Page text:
“Altogether absorbing. . . . Mr. Baatz, a professor at John Jay College of Criminal Justice in Manhattan, has done meticulous research, and he writes extremely well. . . . His book on the Leopold and Loeb case is the best we’ll have for a long, long time.”
New York Times

“Simon Baatz’s For the Thrill of It is likely to be the definitive work on this infamous crime and the dramatic trial of its perpetrators. It is impressive in its research, even-handed in its tone and immensely readable. . . . [An] excellent book.”
Wall Street Journal

For the Thrill of It is meticulous and thorough, and it puts the case in historical perspective as a clash between two conflicting views of criminals and crime, one espoused by Robert Crowe, the state’s attorney, and the other by Clarence Darrow, who represented Nathan Leopold and was the most famous American lawyer of his day, perhaps indeed of any day.”
Washington Post Book World

“Simon Baatz’s For the Thrill of It is the kind of book that can ruin late-summer vacation plans. It’s a riveting non-fiction thriller that will turn you into an activity-hostile recluse who shouts, ‘Go away and let me read!’… What makes Thrill of It so exceptional is the way Baatz balances all the elements: the killers, the crime, the police, the media and the trial’s impact. Baatz probes with fresh insight the ever-fascinating 1924 thrill kill of a 14-year-old boy by Leopold and Loeb.”
USA Today

“Baatz’s thorough research, and particularly his analysis of the flaws and strengths of the medical and psychological testimony offered by the defense, are singularly impressive. He tellingly dissects Darrow’s crude (to us — they seemed quite modern and progressive in the 1920s) attempts to explain the crime as a freakish result of glandular imbalances or psychological scarring.”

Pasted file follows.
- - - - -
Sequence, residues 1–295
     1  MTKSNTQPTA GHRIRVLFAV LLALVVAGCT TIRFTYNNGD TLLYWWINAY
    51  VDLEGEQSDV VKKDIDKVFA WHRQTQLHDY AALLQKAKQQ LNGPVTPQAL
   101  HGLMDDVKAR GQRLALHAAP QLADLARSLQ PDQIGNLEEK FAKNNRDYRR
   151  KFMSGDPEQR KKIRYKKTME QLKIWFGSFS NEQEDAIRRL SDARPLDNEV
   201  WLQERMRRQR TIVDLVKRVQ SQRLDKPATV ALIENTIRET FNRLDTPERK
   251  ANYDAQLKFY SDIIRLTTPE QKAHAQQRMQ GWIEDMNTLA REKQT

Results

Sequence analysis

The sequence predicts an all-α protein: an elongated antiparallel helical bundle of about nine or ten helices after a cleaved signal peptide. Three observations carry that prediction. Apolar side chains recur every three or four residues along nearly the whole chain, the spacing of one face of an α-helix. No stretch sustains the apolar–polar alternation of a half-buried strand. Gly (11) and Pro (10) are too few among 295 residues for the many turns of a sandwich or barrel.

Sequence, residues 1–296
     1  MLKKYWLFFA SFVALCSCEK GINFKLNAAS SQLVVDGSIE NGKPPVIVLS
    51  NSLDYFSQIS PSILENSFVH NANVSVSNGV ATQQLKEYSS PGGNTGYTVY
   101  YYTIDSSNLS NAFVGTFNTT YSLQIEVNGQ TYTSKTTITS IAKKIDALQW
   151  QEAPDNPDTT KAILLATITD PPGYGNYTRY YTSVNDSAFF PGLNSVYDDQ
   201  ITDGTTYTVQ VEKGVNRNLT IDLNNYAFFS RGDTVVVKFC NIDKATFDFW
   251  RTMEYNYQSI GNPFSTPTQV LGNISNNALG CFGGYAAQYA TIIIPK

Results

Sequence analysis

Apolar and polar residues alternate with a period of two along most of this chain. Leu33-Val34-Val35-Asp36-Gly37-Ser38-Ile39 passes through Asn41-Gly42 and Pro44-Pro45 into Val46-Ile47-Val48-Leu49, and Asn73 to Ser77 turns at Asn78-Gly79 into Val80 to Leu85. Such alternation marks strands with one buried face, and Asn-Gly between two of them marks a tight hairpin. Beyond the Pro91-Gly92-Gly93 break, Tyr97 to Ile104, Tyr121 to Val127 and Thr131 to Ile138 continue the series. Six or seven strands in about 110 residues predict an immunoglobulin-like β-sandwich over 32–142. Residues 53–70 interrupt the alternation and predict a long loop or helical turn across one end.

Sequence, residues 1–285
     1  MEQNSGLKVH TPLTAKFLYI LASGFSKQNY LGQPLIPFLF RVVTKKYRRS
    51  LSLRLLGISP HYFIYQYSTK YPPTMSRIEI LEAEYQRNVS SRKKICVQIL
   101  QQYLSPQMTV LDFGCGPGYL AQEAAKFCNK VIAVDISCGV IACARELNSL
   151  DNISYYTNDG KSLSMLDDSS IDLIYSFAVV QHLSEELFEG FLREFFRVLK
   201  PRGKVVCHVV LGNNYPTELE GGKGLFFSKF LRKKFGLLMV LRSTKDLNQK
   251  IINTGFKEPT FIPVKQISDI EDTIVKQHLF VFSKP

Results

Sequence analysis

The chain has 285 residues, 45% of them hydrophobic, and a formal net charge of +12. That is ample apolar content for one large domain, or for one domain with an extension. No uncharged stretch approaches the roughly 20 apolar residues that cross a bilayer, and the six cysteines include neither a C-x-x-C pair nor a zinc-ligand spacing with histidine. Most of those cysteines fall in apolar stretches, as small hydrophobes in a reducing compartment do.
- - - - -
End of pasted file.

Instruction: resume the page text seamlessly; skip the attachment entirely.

U.S. News & World Report

“This story never fails to astonish.”
Chicago Tribune

“[A] masterful book ... Both Crowe and Darrow were capable of surprises, and the judge himself, John Caverly, pulled off the biggest surprise of all ... In addition to his meticulous research, the author knows how to tell a story.”
Chicago Lawyer

For the Thrill of It is a page-turner that you’ll have trouble putting down … A carefully detailed work that is likely to be definitive. It’s immensely readable, filled with drama and suspense.”

Chicago Jewish Star

For the Thrill of It is a thrill in its own right, not only for its spine-tingling subject matter but also for its meticulous research and relentlessly powerful prose. In telling the story of Nathan Leopold and Richard Loeb, Simon Baatz has given us a gripping murder mystery and a compelling courtroom drama that just happen to be true.”
—John Matteson, Pulitzer Prize-winning author of Eden’s Outcasts

“Richly illustrated and highly readable, For the Thrill of It offers a startling new interpretation of the infamous Leopold-Loeb case. Simon Baatz has written a definitive account that corrects longstanding errors and myths. The result is a tale of privilege and arrogance, forbidden sexuality, and human tragedy that is consistently enthralling.”
—Nancy C. Unger, author of Fighting Bob La Follette: The Righteous Reformer

“The story of the Jazz Age thrill-killers Leopold and Loeb has never been told in so gripping a style. A significant work of historical scholarship that reads like a page-turning thriller, Simon Baatz’s masterly book now stands as the definitive account of this legendary case.”
—Harold Schechter, author of The Devil’s Gentleman

“In 1924 Clarence Darrow set out to save Nathan Leopold and Richard Loeb from the gallows after they had confessed to the murder of a young child. Simon Baatz’s superbly crafted book tells the story in an eminently readable and accessible style. The Leopold-Loeb case has finally found its historian. For the Thrill of It will be the standard work on this infamous crime for decades to come.”

—Ronald L. Numbers, Hilldale Professor of the History of Science and Medicine, University of Wisconsin, and author of The Creationists: From Scientific Creation to Intelligent Design